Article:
Each month, filmmaker Stephen Blauweiss produces "ArtScene," a monthly video web series with short segments on artists, galleries, and museums in the Hudson Valley. Here, Stephen gives an outline of this month's film. Check out the film and others from the "ArtScene" series at Chronogram.com/TV.
Catherine Sebastian has been taking photographs for over 45 years. Her career photographing musicians in performance and candid settings has allowed her access to legends such as the Everly Brothers and Taj Mahal. "I'm always waiting for just the right moment, and when I see it, I grab it," she says. (Sebastian's photo of Levon Helm appeared on the cover of the May 2012 issue of this magazine.)
Sebastian also photographs anything that engages her. There is a category of shots she calls "It's just there." The shot presents itself as complete, with perfect light and color. "I come across something, and I just need to put myself in exactly the right spot," she says.
Sometimes the process is the opposite, and Sebastian delves into highly manipulated graphic imagery. She explains, "I might make blatantly 'false' purple-colored trees for the sense of twilight. In another image, I captured a dawn shot of New York City rooftop water tanks. When I developed the film I had soft tans and grays—I worked with that image until I got the fairy pastels that I swear I saw in the first place."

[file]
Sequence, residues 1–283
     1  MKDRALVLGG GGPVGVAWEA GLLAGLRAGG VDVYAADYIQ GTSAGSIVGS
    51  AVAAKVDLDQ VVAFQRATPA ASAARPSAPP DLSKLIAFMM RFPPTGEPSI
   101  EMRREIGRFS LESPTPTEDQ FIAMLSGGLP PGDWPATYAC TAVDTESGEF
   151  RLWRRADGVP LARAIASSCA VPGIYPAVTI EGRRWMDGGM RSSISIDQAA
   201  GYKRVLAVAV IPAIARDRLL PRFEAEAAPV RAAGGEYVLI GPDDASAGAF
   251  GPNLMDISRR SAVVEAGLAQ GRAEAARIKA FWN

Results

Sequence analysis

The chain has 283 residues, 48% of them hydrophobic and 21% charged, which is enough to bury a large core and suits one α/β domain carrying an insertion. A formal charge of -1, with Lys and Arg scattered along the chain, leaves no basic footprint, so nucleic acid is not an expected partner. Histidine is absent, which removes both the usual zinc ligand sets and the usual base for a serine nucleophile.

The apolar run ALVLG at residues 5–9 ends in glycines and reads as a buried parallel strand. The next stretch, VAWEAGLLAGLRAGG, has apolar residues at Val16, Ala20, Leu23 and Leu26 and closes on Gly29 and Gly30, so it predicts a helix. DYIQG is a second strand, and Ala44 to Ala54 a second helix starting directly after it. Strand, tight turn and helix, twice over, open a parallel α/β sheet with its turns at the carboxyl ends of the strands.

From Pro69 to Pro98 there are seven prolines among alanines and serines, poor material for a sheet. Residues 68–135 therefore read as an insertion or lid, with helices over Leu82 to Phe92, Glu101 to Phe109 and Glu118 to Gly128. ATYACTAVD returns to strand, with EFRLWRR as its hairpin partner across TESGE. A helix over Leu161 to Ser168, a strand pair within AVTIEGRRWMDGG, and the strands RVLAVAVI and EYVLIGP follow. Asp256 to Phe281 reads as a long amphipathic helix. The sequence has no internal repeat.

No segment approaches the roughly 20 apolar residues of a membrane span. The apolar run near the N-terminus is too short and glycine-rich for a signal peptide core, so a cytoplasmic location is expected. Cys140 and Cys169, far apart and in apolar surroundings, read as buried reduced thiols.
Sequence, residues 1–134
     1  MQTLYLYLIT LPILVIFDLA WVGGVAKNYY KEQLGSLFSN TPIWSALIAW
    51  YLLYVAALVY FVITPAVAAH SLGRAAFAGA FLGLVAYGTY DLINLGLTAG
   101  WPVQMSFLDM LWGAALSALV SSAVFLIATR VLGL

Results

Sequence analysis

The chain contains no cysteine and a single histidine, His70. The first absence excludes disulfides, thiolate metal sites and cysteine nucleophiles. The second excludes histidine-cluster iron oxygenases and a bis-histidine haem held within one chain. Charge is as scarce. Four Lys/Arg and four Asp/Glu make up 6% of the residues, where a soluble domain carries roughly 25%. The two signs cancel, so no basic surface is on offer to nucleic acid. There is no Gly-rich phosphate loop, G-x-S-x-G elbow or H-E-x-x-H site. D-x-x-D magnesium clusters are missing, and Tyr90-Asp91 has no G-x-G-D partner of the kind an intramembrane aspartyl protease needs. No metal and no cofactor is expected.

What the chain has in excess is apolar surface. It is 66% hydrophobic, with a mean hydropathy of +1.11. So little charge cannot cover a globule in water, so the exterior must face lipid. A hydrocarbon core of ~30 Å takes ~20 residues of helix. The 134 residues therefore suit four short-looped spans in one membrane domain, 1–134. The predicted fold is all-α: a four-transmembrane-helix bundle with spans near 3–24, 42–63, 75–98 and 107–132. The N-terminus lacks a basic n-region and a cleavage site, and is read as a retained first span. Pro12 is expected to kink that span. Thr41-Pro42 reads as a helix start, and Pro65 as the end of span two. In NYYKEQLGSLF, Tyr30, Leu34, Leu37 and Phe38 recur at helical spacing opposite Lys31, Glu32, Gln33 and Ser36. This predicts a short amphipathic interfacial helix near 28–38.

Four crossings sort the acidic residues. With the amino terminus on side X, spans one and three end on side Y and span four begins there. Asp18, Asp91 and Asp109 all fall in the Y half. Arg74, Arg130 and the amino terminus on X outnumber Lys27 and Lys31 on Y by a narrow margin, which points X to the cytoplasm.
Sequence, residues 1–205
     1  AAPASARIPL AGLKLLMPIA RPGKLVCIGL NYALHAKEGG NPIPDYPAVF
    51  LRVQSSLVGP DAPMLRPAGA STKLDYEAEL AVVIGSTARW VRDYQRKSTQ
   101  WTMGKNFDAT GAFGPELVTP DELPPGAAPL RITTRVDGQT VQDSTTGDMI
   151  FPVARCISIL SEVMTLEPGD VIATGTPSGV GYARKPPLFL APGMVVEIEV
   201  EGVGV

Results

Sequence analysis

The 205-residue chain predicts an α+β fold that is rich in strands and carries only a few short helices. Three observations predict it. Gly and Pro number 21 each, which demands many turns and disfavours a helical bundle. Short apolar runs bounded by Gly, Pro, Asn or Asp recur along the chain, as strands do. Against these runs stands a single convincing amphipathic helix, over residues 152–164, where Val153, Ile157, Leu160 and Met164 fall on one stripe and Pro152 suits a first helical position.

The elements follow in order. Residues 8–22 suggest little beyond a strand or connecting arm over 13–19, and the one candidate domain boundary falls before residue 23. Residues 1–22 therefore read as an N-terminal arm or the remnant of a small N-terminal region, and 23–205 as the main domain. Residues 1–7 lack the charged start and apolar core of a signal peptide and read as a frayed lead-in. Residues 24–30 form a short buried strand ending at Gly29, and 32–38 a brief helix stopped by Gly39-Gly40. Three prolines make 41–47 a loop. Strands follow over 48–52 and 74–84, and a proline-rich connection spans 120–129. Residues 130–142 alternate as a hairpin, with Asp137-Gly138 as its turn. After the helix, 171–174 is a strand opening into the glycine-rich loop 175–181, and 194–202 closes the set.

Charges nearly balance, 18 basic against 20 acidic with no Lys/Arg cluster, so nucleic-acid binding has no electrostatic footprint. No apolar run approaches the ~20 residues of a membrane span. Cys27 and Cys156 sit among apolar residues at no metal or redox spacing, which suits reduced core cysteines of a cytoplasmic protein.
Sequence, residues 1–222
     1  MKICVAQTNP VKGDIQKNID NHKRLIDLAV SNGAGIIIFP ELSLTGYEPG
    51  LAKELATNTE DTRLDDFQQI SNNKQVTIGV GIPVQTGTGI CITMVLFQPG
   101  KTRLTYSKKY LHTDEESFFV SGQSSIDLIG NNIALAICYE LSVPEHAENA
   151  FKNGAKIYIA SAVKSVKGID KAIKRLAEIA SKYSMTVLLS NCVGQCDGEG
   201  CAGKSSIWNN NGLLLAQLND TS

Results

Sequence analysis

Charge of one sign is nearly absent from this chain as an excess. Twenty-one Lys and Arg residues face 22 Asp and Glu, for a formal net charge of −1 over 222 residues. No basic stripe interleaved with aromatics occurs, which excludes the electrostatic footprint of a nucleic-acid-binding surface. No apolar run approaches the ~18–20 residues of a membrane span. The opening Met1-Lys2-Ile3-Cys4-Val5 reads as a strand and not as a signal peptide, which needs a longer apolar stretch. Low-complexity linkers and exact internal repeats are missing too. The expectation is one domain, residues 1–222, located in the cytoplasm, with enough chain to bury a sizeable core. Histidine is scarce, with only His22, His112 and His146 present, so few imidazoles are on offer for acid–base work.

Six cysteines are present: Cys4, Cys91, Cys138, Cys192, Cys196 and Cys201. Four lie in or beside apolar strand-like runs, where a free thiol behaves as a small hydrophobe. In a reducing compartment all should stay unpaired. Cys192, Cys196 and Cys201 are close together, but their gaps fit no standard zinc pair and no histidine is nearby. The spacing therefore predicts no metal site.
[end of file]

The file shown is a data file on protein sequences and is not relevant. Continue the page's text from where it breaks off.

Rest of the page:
Sebastian uses photo manipulation for several distinct purposes. "Sometimes I manipulate photos to create graphic art effects. Is it a painting or a photograph? It doesn't matter to me—we're way beyond that. I'm just having fun in my digital darkroom," she says.
Sebastian also uses photo manipulation to create abstract images. Composition is especially important in her abstract work. She explains, "Sometimes the abstract flows from only using a small part of the original image, sometimes the whole thing goes that way. When I venture into the abstract, the main thing I want to convey is emotion."
In all of her photography, Sebastian seeks to not only convey her interpretation of an imagebut also elicit an emotional response from her viewers. And it's okay with her if the viewers interpretation is different from her intent. She equates it to a song one might hear on the radio: "How a song affects you, and the memories one associates with it, is uniquely yours and belongs to you. It might not have anything to do with the author's intent."
"I feel there are always two of us working on the images...me and the image itself," explains Sebastian. She continues, "Ultimately, my biggest satisfaction is knowing that one of my images touches someone and engages them. If you feel something, I'm happy. If art didn't add to our lives and make us feel, we wouldn't take the trouble to make it."